In the third instance, the posterior surface of the lens may be contoured with a toric adjustment to correct astigmatism. In such an instance, the inventive lens will have a specific orientation mark on the haptic, to assist the implanting ophthalmologist in properly orienting the lens in the patient's eye.
The radial width of the central disc of the anterior surface will be determined by the asphericity, convexity or concavity assigned to the anterior surface and the thickness of that surface as necessary to give the lens its desired optical power. Similarly, the radial width of each annular ring will be determined by the required power of the lens, and the thickness of such ring at its thickest point, though in no case should the thickness of any ring be greater than the maximum thickness of the lens. Similarly, the minimum thickness of the juncture between each annular ring and the face of the next outward ring should be greater than or equal to the predetermined minimum thickness.
The outer perimeter of the inventive lens has a surface tangent to the curvature of the natural lens capsule's posterior surface. In this configuration, the inventive lens should mitigate the development of Posterior Capsule Opacification (PCO) directly behind the lens optic. The inventive lens, when measured directly across the diameter from outer perimeter point to opposing outer perimeter point, will have measurement of 6 millimeters (mm), though in certain instances the lens may measure greater than 6 mm in diameter, and in other instances the lens may measure less than 6 mm, depending upon the particular needs and eye geometry of the patient. An alternative placement option, commensurate with appropriate haptics, allows the lens to be placed outside of the natural lens capsule, directly behind the iris, and with haptic fixation in the ciliary sulcus. The lens power in this instance is calculated to provide suitable diopters strength for distance vision given the new position of the lens in the eye. Focal flexibility is obtained through the haptic design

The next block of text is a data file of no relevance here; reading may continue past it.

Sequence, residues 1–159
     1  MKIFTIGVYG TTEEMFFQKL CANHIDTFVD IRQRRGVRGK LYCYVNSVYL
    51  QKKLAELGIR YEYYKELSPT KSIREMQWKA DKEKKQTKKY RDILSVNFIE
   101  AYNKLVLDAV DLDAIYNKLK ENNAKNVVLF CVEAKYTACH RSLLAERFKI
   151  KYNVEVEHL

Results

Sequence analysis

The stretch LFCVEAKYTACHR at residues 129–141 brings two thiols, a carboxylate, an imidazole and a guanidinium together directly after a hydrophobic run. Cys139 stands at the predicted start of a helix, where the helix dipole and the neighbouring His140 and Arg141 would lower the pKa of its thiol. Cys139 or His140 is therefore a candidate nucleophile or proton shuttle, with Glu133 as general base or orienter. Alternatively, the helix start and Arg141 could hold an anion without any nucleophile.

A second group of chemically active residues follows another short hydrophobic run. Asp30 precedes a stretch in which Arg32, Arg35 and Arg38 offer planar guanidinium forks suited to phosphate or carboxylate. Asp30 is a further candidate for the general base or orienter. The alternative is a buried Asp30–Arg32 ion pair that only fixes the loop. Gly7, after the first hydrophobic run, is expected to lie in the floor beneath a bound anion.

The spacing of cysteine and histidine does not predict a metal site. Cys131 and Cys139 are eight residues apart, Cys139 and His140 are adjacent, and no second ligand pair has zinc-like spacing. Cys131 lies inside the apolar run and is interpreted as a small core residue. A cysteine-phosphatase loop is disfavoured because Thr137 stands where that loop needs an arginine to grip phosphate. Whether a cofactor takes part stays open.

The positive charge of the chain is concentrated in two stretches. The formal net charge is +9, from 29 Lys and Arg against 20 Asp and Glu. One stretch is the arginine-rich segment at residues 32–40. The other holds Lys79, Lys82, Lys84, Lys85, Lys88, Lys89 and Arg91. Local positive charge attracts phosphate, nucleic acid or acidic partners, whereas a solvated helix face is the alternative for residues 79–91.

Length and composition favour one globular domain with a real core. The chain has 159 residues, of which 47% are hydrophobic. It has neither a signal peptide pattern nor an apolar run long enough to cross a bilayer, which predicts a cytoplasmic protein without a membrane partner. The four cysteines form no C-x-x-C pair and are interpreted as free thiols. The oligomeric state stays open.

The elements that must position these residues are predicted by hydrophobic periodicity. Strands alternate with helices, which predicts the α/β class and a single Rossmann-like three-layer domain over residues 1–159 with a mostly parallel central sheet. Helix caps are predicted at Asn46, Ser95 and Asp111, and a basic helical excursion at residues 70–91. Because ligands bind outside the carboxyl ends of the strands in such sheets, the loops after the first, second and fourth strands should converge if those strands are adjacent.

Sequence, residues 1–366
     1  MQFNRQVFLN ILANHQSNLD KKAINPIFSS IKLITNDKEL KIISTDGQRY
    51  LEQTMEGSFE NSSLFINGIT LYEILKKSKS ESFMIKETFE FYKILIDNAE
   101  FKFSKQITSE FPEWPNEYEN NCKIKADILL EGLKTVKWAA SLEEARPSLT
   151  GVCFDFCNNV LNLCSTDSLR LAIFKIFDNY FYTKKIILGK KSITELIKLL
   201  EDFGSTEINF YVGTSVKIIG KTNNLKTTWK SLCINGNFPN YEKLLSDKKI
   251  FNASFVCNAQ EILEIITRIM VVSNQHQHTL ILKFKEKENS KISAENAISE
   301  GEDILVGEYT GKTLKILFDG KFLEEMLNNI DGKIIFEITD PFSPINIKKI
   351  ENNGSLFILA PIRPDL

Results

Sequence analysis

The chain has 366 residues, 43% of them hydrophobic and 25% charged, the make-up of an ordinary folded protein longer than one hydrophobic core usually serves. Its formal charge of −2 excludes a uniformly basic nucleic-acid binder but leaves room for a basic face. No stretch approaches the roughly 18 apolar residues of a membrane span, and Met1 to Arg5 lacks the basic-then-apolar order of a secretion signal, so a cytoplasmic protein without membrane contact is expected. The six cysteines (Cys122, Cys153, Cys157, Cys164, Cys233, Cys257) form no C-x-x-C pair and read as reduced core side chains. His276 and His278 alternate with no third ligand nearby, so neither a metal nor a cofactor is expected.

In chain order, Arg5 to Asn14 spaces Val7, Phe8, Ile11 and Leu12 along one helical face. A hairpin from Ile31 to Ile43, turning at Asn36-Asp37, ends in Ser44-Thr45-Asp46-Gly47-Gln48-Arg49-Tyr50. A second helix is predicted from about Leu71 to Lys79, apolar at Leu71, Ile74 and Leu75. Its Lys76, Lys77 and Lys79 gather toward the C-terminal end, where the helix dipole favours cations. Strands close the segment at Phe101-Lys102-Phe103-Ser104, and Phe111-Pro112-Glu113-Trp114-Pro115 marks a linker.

responsive to movement of the ciliary body. In certain cases, for higher diopters requirements, the overall lens maximum thickness may be increased to greater than 475 microns.
The following examples illustrate embodiments of the invention, but should not be viewed as limiting the scope of the invention. Examples
Figure 1 is a sketch depicting the anterior surface of an intraoptic lens. Depicted is the optical edge of the lens (optical diameter edge to edge or outer optical perimeter) (2), with a lens center thickness, in this case at 475 microns measured at maximum depth at center of optical focal point (3). Shown is also the ring height or maximum thickness of the lens in the central optical zome (4) and rings on anterior surface at peripheral optical area showing the concentric stepped rings for distance vision (5).
Figure 2 is a sketch depicting the anterior surface (1 ), lens thickness or outer perimeter of the optic (2), and center optical focal point (3). Ring height (4), is where concentric rings appear.
Figure 3 depicts a magnification of the circular area of Figure 2, showing the stepped ring surface structure at the anterior of the lens (5) and at center optic area of the lens (intermediate band of the lens showing concentric stepped rings) (6). Lens thickness (3) is measure at the maximum depth at center of lens optical focal point.
Figure 4 depicts a magnification of concentric rings (7) on posterior surface at central optical area.
Figure 5 depicts the rings on the anterior surface (6) and the posterior surface (7) of the optical lens. Figure 6 is a sketch depicting the placement of the optical lens relative to structures of the human eye. The tip of the lens haptic (position of lens haptic at capsular equator) (8) is shown as it rests against the equator of the capsule is held in position by the zonules (central arm of haptic) (9). Zonules are the hair-like structures that attach to the natural lens and the ciliary body and hold the natural lens in position. Zonules aide to change the shape of the natural lens for near vision correction. The lens envelope (posterior capsule) (10) is where the natural lens is removed and the artificial lens inserted.
The ciliary body (1 1 ) of the eye is shown which changes shape to allow the natural lens to change shape to give the patient near vision. The cornea (12) is the
clear portion of the eye that refracts (bends) light. Along with the natural lens the light is bent to come to focus on the retina. The iris (13) or the colored portion of the eye is used to meter the amount of light allowed into the eye. The intraocular lens (14) is shown as it would appear in the far (distance) position in the eye. Other embodiments and uses of the invention will be apparent to those skilled in the art from consideration of the specification and practice of the invention disclosed herein. All references cited herein, including all publications, U.S. and foreign patents and patent applications, are specifically and entirely incorporated by reference. The term comprising, where ever used, is intended to include the terms consisting and consisting essentially of. Furthermore, the terms comprising, including, and containing are not intended to be limiting. It is intended that the specification and examples be considered exemplary only with the true scope and spirit of the invention indicated by the following claims.